If you have been working online for very long, you have undoubtedly figured out what a keyword is and that these little “pointer” words are important to search engine spiders. They make correlations between the content on your website and what your business is about. magnifying glass

So, for example, if you’re in the pizza business, anything you write about pizza, flour, pepperoni, hand tossing, or other keywords you use in website copy will tell spiders that your business is something about food, and hopefully, if you’ve done it right, about pizza.

The better your keyword research is, the better the chances are that the spiders will associate your site with what you do.  So, before you even build your website, it’s a good idea to figure out what the best keywords for your business would be. We call that “keyword research,” and if it’s done right, it can be a very long and pretty intense process.

Where to Start the Process?

Most new business owners have no idea where to start with keyword research, and lazily pick out a few generic terms to use in their copy. Big mistake!  However, where you start to find words that will make an impact isn’t in and of itself important, but the fact that you just START working toward finding them is.

When we’re not doing the research for them, I usually recommend that webmasters sit down and just make a list of every word they can think of that is associated with their business.  Use a Thesaurus. Go to Wikipedia and see what terms you can come up with that people are using to describe what you do. Just really brainstorm a long, long list of words. And then, when you’re all brainstormed out, there’s a tool that will help you to make an even longer list, called “Ubersuggest.”

Building a mega keyword list

Ubersuggest will take all of those words you just came up with and come up with even more words, some you never thought about. You may have a spreadsheet with thousands of entries before you’re all done. But it’s a great way to start.

Then, take those words in groups or all at once and plug them into your favorite keyword research tool to see if the words you found are generating any traffic. You want to find words that have the highest traffic, of course, but you also need to take the competition for those words into account. So, you’re going to spend another long while deciding where the cut-off should be for both amount of traffic and level of competition.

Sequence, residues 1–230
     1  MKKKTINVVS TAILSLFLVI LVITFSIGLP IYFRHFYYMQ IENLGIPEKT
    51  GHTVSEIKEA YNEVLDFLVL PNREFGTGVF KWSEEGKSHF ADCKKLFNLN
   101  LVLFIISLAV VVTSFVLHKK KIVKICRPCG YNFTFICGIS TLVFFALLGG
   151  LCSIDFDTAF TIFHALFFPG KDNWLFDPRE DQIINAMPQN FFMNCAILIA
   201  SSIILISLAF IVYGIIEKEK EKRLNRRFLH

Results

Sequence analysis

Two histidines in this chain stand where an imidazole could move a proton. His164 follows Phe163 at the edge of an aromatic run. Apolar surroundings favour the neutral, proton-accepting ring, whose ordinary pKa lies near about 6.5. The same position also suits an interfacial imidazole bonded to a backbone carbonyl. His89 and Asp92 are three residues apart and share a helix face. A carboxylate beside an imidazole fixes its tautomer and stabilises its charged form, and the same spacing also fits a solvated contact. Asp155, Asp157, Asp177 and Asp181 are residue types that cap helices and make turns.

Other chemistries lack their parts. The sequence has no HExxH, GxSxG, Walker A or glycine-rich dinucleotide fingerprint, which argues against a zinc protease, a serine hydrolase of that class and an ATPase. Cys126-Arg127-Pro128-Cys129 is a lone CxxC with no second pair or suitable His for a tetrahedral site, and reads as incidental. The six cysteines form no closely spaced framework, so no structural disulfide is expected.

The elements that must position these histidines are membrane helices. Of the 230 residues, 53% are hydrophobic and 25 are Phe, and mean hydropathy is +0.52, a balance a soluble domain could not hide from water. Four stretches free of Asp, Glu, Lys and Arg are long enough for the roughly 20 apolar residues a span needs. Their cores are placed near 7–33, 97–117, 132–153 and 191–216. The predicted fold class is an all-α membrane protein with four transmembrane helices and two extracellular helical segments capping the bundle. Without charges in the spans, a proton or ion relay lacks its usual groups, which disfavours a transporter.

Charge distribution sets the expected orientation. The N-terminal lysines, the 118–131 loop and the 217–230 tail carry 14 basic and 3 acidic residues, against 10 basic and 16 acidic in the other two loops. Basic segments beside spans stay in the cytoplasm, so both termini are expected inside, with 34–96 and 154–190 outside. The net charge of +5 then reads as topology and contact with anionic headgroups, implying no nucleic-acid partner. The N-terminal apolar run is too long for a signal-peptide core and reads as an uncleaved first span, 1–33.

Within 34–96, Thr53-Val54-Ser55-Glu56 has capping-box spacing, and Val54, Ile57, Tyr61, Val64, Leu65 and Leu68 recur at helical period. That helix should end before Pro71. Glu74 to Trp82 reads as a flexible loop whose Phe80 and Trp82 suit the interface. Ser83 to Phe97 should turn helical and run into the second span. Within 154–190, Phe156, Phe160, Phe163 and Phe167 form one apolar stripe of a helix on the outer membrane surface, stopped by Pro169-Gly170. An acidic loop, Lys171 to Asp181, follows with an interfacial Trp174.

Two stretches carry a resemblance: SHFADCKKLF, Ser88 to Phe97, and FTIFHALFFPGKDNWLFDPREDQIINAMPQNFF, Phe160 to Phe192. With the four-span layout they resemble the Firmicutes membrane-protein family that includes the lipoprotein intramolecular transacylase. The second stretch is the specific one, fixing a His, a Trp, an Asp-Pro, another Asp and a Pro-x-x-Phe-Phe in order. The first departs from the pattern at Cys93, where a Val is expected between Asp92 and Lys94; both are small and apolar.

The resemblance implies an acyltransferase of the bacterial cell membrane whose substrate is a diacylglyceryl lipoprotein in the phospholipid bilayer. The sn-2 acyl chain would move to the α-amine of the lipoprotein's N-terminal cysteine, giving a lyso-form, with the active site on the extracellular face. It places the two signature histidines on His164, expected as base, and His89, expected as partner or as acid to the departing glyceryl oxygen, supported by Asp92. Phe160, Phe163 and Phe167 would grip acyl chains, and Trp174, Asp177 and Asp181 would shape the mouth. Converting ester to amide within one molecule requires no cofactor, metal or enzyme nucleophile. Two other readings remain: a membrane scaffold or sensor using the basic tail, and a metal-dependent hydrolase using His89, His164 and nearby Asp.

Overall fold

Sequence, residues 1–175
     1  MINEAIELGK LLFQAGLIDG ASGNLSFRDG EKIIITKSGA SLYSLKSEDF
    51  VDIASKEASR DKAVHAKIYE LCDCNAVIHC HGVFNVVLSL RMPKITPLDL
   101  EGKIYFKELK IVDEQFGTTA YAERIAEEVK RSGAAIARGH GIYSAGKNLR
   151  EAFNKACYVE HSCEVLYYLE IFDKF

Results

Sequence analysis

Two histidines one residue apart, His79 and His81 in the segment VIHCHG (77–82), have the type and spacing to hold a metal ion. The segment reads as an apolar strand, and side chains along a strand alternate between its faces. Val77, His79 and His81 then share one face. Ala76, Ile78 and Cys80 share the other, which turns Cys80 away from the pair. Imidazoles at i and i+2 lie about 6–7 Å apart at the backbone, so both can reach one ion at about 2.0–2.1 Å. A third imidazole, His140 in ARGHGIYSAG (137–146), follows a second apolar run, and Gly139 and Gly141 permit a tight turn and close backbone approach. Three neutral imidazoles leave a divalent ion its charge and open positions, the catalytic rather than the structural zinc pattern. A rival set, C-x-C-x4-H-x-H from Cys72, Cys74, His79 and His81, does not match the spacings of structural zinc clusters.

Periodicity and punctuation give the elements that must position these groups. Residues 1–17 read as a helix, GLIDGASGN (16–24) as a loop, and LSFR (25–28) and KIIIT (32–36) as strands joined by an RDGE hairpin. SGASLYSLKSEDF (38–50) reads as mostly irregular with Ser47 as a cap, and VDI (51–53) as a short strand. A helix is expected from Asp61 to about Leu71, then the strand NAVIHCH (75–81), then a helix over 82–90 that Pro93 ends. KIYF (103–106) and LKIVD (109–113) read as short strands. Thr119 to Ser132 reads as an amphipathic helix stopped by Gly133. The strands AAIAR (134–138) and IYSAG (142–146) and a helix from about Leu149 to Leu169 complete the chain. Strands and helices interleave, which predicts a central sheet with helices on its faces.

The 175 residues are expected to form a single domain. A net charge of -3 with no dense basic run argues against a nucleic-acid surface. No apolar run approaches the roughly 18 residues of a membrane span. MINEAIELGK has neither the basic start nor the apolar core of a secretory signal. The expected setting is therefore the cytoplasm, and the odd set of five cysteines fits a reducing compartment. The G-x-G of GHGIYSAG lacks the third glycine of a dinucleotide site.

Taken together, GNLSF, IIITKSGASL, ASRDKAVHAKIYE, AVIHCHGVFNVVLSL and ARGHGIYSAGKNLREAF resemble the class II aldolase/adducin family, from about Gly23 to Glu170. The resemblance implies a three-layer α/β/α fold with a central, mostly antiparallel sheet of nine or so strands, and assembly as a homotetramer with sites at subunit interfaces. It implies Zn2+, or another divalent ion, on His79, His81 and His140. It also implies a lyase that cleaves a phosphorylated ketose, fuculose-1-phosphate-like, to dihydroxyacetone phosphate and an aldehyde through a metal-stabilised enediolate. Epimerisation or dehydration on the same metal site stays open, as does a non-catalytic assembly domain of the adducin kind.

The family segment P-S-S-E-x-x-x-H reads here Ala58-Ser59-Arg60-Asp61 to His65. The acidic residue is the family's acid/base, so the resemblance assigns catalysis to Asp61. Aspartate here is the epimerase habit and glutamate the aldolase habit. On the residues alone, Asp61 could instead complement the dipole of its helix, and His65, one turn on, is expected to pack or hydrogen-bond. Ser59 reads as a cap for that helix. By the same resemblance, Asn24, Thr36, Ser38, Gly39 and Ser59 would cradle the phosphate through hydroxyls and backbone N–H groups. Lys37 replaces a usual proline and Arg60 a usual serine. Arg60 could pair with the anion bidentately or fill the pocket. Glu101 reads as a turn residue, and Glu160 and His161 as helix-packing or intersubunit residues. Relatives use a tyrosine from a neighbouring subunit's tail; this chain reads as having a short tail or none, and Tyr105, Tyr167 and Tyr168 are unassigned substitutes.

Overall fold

Determining just the right words for your business depend on many factors, too. How old is your site? How many backlinks does it have? What’s its page rank?

Then when you decide on a word you can compete for, what other businesses are on that page of search results in Google? How many other pages have the keyword in them? Is it even worth trying?

What Are Buyers Thinking?

The next consideration is: What does a potential customer type into the search bar when they’re ready to buy something? Undoubtedly, it will be a long-tail hyper-specific keyword. But some of the keywords you brainstormed mean different things. For example, if someone is looking for a “men’s cotton mesh belt,” they won’t type in “men’s leather belt.” If you’re not selling leather belts, trying to rank for “men’s leather belt,” makes no sense at all for organic search.

Compatible Keywords

However, if you’re looking for terms for pay-per-click advertising, that’s an entirely different matter. Then, you probably will want to use keywords that are compatible to what you’re selling.

For example, if you’re a dog trainer, you may want to use a keyword list that includes “pet food,” because people who buy pet food might need training for their dogs and your ad would appear next to their organic listings. It’s compatible with what the other business is doing. Yet, for organic search, you don’t want to frustrate potential customers that come to find pet food on your website where there is none. So, you have to ferret out the proper words or you’re sunk.

That’s why you should get some professional advice, if you’re not a keyword-research ninja. Because we look at keywords and how visitors behave, along with how search engines behave, SEOs have an intuitive sense of what the best keywords might be for your business.  If the process seems drawn out and complicated, that’s because keyword research is drawn out and complicated. Why do it yourself and risk not finding the buyers? The difference between finding keywords and the right keywords could cost you a lot of business.

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